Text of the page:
Well, the Field Trippers are all back together again.  The kids and I decided to skip the risky sail (that turned out to be not so risky after all - more on that later from Mark).  The three of us took a morning flight into Auckland that first week of November.  Michael marveled that we would be in New Zealand in a mere 3 hours, when it would take Dad at least 6 days to sail there!  "We should just fly everywhere!" he innocently quipped.  Queue the "money doesn't grow on trees" and "life's a journey, not a destination" parental orations...            

So, what DO cruising kids do when they suddenly find themselves on solid ground in the middle of the biggest city they've seen in almost a year?  Here's a few photos of how we made the most of our waiting time in the land of Kiwis and Hobbits…

Michael trying to figure out the skateboard contraption!
Our fabulous blessing of a 'bach' (the Kiwi name for a small home used for weekend getaways or as a vacation cabin) was located just a few miles away from Orewa, a beachfront town an hour north of Auckland.  We couldn't have asked for a more perfect spot to enjoy land's simple pleasures.  An expansive playground was set up along a beautiful beach, providing many afternoons of entertainment.  I noticed the kids trying to figure out how to play on some of the equipment that they'd never seen before!  The few playgrounds we'd seen along the Pacific Islands have been pretty basic (picture rusty swings and scorching metal slide), and probably not quite up to today's safety standards!  
You'll notice in this photo that Michael is not wearing his usual t-shirt, shorts, and flip flops.  When we arrived, the daily highs were in the 50's, a far cry from the sweltering equatorial temperatures we had for the past year.  A quick trip to the town's second hand shop provided much needed sweatshirts and hand knit socks!  But I'm afraid our chattering teeth and numerous layers must've given us away as foreigners.  just outside the frame of this photo, a local family with three children (ages 3-7) were playing nearby, obviously more hearty than we were - wearing only sundresses and no shoes as they played!  Brrr!  Gradually, the weather has warmed up and our blood has thickened, so we can be back in our jandals ('flip flops' in Kiwi talk) once more.    

And, yes, Michael finally got a real haircut, after many folks had asked me how old my girls were!  This was a bittersweet moment, as his carefree hair has always been a representation for me of our free, nomadic lifestyle on the water.  Even Mark refused to cut his own hair for the entire journey across the Pacific this year.  He had quite the 'fro happening, but he sat in the barber's chair and said goodbye to his locks, too.  In many ways we each find ourselves reintegrating into modern society.  The other day Elizabeth watched me applying mascara and asked, "Mom, why are you getting so fancy?"  Oh my, we have been away for awhile, haven't we?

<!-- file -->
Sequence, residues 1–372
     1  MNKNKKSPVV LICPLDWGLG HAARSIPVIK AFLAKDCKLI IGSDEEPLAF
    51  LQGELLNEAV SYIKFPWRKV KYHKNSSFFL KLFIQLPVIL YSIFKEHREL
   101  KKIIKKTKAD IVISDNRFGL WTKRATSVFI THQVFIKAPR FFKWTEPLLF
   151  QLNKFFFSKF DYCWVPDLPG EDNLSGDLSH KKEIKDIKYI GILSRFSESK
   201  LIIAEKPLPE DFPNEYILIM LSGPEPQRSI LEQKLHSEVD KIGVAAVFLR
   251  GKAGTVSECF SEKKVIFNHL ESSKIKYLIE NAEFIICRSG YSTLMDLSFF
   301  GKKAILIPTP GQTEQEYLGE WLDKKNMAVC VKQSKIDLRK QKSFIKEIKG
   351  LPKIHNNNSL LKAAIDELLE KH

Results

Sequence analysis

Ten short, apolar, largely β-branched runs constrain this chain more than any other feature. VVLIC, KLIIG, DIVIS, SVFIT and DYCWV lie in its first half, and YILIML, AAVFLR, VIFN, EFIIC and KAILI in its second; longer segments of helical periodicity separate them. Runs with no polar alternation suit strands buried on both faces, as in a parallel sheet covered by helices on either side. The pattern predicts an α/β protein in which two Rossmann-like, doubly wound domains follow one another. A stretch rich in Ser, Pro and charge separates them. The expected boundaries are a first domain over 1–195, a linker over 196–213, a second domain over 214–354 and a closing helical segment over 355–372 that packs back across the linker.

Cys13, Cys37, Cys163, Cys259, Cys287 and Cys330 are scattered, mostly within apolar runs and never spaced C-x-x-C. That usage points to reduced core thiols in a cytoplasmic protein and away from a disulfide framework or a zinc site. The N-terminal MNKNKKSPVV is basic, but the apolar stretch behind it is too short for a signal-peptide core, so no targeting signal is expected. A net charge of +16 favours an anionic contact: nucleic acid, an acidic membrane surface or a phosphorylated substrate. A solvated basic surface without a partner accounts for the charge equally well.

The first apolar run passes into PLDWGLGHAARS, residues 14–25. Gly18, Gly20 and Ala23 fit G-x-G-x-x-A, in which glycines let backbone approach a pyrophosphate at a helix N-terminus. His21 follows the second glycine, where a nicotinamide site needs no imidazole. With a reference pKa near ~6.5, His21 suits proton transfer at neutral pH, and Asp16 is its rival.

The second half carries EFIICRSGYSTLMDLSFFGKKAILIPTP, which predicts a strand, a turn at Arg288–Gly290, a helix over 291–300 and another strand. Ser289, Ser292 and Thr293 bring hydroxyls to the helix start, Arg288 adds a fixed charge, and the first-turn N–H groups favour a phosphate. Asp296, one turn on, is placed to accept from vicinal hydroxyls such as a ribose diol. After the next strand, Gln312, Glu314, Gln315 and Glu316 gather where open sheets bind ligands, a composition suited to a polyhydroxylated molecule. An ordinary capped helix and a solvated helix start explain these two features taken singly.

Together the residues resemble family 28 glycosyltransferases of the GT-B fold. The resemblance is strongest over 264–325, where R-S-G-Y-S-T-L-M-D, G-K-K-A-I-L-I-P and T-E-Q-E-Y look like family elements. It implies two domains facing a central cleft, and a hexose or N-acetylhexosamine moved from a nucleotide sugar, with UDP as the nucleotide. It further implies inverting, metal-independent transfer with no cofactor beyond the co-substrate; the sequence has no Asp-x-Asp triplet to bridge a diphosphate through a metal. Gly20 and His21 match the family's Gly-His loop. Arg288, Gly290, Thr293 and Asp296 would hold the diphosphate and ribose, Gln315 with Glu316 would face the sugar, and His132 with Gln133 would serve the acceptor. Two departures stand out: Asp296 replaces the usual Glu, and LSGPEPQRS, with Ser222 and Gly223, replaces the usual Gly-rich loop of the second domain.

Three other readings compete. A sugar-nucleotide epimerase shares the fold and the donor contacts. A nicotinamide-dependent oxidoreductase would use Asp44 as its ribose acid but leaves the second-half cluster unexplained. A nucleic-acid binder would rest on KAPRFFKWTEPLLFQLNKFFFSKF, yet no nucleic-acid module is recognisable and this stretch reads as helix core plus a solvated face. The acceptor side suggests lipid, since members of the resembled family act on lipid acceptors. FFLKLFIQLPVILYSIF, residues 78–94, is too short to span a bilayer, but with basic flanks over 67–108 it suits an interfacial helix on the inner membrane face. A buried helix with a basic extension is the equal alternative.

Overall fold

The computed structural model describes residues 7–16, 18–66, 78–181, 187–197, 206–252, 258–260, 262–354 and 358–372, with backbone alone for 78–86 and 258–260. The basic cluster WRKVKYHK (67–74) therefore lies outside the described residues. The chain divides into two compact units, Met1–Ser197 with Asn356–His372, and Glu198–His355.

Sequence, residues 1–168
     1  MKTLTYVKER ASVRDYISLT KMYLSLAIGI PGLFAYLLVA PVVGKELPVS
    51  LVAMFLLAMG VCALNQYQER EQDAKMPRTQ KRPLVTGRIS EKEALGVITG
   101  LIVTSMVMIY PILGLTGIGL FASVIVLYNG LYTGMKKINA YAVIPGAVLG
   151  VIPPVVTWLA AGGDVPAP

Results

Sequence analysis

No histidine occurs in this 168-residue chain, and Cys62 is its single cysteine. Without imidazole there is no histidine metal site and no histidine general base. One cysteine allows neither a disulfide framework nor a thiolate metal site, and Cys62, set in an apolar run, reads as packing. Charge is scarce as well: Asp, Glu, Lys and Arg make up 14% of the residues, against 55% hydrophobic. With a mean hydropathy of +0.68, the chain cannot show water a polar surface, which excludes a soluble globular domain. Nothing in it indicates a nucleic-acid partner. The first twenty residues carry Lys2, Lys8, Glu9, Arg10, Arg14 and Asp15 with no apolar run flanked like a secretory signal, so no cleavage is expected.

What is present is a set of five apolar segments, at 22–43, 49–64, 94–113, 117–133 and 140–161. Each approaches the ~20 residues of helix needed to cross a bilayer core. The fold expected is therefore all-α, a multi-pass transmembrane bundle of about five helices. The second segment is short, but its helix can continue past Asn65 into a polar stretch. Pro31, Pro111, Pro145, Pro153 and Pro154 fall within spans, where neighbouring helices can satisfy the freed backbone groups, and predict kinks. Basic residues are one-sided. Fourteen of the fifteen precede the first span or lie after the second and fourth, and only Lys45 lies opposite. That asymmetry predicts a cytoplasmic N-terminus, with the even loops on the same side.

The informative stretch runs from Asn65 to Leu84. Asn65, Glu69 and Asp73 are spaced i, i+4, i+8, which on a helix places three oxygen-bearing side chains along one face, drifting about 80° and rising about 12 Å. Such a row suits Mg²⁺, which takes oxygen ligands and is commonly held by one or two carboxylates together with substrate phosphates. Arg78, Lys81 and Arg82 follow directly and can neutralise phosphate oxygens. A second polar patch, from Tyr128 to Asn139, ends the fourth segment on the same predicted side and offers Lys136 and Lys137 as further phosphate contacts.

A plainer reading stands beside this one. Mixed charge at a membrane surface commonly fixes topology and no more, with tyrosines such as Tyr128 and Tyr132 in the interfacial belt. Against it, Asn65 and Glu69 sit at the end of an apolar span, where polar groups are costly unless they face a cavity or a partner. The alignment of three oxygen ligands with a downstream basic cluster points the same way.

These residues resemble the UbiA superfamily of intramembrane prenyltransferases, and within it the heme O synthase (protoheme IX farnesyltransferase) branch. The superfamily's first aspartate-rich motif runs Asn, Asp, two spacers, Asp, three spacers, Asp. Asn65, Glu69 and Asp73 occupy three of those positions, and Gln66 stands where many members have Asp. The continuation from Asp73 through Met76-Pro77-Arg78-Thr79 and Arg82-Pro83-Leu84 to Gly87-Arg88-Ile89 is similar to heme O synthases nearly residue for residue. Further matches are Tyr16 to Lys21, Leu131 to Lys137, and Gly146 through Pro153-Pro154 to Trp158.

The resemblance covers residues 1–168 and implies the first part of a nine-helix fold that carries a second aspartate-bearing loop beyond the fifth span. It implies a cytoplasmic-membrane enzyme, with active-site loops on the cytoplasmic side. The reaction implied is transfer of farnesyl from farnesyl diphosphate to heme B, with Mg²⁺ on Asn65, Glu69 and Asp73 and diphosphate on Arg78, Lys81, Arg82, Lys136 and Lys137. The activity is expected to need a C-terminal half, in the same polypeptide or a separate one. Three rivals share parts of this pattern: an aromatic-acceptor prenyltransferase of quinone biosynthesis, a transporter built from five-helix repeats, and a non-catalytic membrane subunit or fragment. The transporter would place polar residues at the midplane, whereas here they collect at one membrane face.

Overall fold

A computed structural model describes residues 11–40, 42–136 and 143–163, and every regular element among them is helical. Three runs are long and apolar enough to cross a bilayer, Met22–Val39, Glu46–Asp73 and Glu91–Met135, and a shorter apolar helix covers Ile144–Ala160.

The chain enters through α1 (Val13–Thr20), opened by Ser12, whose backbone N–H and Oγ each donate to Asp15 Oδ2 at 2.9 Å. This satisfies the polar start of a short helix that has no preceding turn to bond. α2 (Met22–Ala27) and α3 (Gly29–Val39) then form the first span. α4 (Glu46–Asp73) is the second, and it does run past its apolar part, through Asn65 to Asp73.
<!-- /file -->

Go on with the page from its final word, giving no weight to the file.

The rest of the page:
Look, Mom!  It's Grass!!
New Zealand is a country that truly cherishes its natural treasures.  Nearly 30 percent of its total landmass is designated nature preserve.  Hiking trails, eco-conscious campsites, and bird sanctuaries can be found throughout the breath-taking country.  Along one of our hikes, Michael couldn't stop giggling as he bumped and rolled down a grassy hillside, nearly log-rolling over his sister!  As a mom (and former hill roller), I loved seeing the knees of his pants get those bright green grass stains that can only come with the playfulness of youth, the simple joys of childhood.   It was childhood joys like these that I searched out while we waited for Mark to arrive.  I didn't want to go, go, go.  I just wanted us to look, notice, feel, admire, revere, quietly ease into our new surroundings.  We fed the ducklings that waddled into the yard, scattered seeds for the birds that flittered about in the trees, closely examined the intricate colors and details of the flowers, and silently marveled at the light of glow worms tucked in the rocks of a tinkling waterfall after dark.

Let's go fly a kite!
I think I need a secret decoder ring...
But let's be honest, here.  What was supposed to be a week or so of waiting for Mark turned into nearly three weeks, as the weather didn't really cooperate.  And the luxury of staying put for a while and relaxing wore off by about day ten.  I decided it was time for a trip to the 'big city'.  I'd have to either rent a car and drive downtown, or ride the public bus for an hour and a half to get downtown.  And, while we're being honest, I was terrified to drive downtown... on the other side of the road... after not having driven on any road for well over a year.   The bus it would be.  Now I just had to decode these things they call bus schedules!  Google maps saved me, as it listed all buses from point A to point B with upcoming arrivals.  I could simply put in my destination and three or four bus choices would pop up.  Brilliant.  Trip Advisor helped us find a few 'must see' places to visit.  Armed with my cell phone and local SIM card, we hopped aboard and were off to enjoy the culture that only a metropolitan city could offer.  It was time to be tourists.
Scavenger hunt at the Auckland Art Gallery
View from the base of the Auckland Sky Tower
And from the top!
The Auckland Zoo, where we saw the nocturnal Kiwi bird!
We had a birthday to celebrate, too!  Michael turned seven!  As chance would have it, the place we were staying was within walking distance of the Waiwera Hot Springs Pool.  What a perfect way to stay warm and have fun!  Some of our friends that we'd met in Tahiti were docked in a town only 20 minutes away and were able to join us for Michael's birthday party, making it even more special.  Cupcakes, waterslides, steaming pools, and friends to share it all with.  Seven years old is off to a great start!  

Happy Birthday, Michael!